‘Yes, we have CO2 bananas!’

Published March 1, 2000

Springtime signals the start of the cycle of life, with the promise of the fruits of our labors in the offing. Let’s take a moment to consider the healthful culinary splendor an enhanced carbon dioxide (CO2) world promises us.

Of course, we celebrated the mango’s future just last month. Now, a review of numerous studies reports that a near-doubling of CO2 increased the dry weight of mango trees’ old and new leaves and branches and roots. The dry weight of the total fruit increased by 18 percent—almost entirely in its flesh.

The article, by the University of Florida’s Bruce Schaffer and several colleagues in Australia, explored the possibilities of several other fruits under elevated CO2 conditions, among them:

Avocado. Avocado plants increase their net CO2 assimilation significantly as the CO2 increases. The elevated CO2 increased the dry weight of leaves, new branches, trunks, and roots of the avocado plants.

Banana. Like the avocado plants, banana trees went bananas for elevated CO2 levels. Net CO2 assimilation in banana trees increased with higher concentrations of CO2, and following six months of CO2 enrichment (1,000 ppm vs. 350 ppm), the dry weight of the leaves increased by 131 percent, the root dry weight increased by 191 percent, and the total dry weight of the entire banana trees increased by 139 percent. The elevated CO2 more than doubled the size of the banana trees.

Macadamia. These Hawaiian delicacies went nuts for CO2 as it jumped from 350 ppm to 600 ppm, increasing the dry weight of new leaves, trunks, and roots. Six months of elevated CO2 increased the dry weight of the husk, the shell, the kernel, and the total nut. The nuts were 25 percent bigger thanks to only six months of elevated CO2.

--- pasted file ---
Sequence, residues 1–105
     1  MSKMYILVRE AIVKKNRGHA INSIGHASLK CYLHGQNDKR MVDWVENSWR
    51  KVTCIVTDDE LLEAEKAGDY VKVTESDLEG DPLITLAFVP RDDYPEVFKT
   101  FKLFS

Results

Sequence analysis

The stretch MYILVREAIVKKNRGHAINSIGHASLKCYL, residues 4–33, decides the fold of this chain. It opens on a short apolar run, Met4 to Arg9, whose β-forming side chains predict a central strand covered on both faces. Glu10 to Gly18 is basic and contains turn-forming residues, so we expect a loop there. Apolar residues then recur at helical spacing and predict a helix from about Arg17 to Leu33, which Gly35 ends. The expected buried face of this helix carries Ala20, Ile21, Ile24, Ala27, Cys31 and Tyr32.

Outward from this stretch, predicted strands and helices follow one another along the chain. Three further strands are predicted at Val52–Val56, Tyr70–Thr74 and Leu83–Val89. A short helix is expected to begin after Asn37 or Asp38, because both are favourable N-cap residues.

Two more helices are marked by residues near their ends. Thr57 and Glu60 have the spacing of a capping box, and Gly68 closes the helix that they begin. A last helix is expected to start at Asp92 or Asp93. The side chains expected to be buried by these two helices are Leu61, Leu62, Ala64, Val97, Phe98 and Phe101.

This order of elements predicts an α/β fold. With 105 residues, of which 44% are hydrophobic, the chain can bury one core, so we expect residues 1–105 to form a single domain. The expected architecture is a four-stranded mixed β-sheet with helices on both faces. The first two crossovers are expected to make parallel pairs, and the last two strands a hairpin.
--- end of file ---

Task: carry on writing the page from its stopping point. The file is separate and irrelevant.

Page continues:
For subtropical and tropical fruit crops, Schaffer says:

“Increased atmospheric CO2 concentrations [in amounts that] far exceed the anticipated rate of increase for the next 50 years appear to enhance carbon assimilation of subtropical and tropical fruit crops, provided there are no sink restrictions. Therefore, these species should benefit from predicted increases in atmospheric CO2 concentrations.”

Which means more food for a hungry world, Schaffer explains:

“Productivity of subtropical and tropical fruit crops should increase as a result of increased global CO2 concentrations.”

CO2’s largesse extends to all manner of flora:

“Thus, a global increase in atmospheric CO2 concentrations should increase productivity of branched, woody, subtropical, and tropical species.”

Exotic flavor, important vitamins, antioxidant protection—with atmospheric CO2 levels on the rise, this new millennium may well be an era of eating better and being healthier!

Robert C. Balling Jr., Ph.D. is director of the Laboratory of Climatology at Arizona State University and coauthor of The Satanic Gases.


Schaffer, B., et al., 1999. Atmospheric CO2 enrichment, root restriction, photosynthesis, and dry-matter partitioning in subtropical and tropical fruit crops. Horticultural Science, 34, 1033–1037.